On 6 August, 1986, Nintendo released Metroid for the Nintendo Entertainment System. At that moment, platform exploration games advanced in a way comparable to that which RPGs would experience following the release of Final Fantasy and Dragon Warrior. Years later, now-classic games like Super Metroid and Castlevania retained the core Metroid game mechanics in their own evolutions of the genre, and Axiom Verge follows in that noble tradition, both in adhering to the core gameplay mechanics available in Metroid, and in presenting new innovations which enhance the already-solid gameplay experience. The result is a blend of new and old which is at once refreshing and nostalgic. It seems prudent to add that, should an enterprising reader now begin downloading Axiom Verge from the PlayStation Network, the download will most likely be completed before this review is carefully read in full.
The plot of Axiom Verge is one respect in which significant advancement has been made since the release of Metroid. A cinematic sequence introduces the player both to the main character, Trace, and to the circumstances leading up to his exploration of a strange, alien world. There is more than a little of Another World and Blaster Master here, and the game thus aligns itself with these classic narratives from the beginning of gameplay, whilst arriving in the alien world itself connects the player to the opening moments of Metroid. Classic gamers will revel in this connexion with beloved games of yesteryear, whilst younger gamers will find in the opening moments of Axiom Verge a vehicle by which the player is swiftly involved in gameplay. There are no lengthy tutorials or long plot expostulation designed to ensure that even blockheads are following the story. Instead, Trace is given a gun and a world to explore: the rest is up to the player. Nor is the need for exploration limited to the world; each boss is a similar challenge–the weak points and strategies must be discovered and mastered until victory is obtained.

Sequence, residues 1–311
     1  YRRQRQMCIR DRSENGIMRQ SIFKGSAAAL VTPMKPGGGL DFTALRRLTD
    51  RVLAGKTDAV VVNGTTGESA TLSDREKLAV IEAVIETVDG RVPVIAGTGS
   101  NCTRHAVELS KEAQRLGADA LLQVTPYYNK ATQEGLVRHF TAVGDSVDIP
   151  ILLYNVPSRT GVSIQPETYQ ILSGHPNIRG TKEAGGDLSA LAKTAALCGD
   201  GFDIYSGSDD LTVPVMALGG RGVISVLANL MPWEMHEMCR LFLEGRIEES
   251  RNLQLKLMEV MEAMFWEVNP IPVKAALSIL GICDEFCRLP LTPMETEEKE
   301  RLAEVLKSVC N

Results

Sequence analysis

Although Trace is mostly on his own as he explores the world, he does receive occasional guidance from a gigantic, feminine cyborg named Elsenova. Apart from journal notes scattered and hidden throughout the world, it is Elsenova who fills in background details and gives Trace directions, albeit in broken, stilted English–a reference to the damaged nature of her components. Trace will, over the course of the game, aid Elsenova and her associates by repairing their damage and fighting off the gigantic bosses which infest their world. He will also learn more about Athetos, and the plague which ravaged the humans, leaving behind glitch-like fields which now impede his progress. Only as Trace acquires new equipment can he continue: jumping boots, grappling hooks, and a de-glitching gun are amongst the items that the careful explorer will find hidden–sometimes behind destructible or false walls. It is wise to explore thoroughly, lest valuable upgrades be overlooked.
Despite the presence of the story throughout, Axiom Verge never takes itself too seriously: in fact, its story delivery is most akin to a lighter version of that found in Metroid Prime, with background material delivered through notes and the occasional data console. As such, it never feels overwrought or overburdened: there is an absence of pretense which is all the more refreshing compared to the deadly earnest with which modern cheese-tastic stories are delivered by stilted voice actors. The small cast of characters quickly become familiar, and the world is fleshed out historically as the player explores geographically. Everything fits together snugly: it never feels as if the story is being forced upon the player, but neither does it fade into silent meaninglessness. Gamers will want to avoid the by-now habitual practise of pressing X to skip through what is usually meaningless blather, because in Axiom Verge, it is meaningful dialogue instead.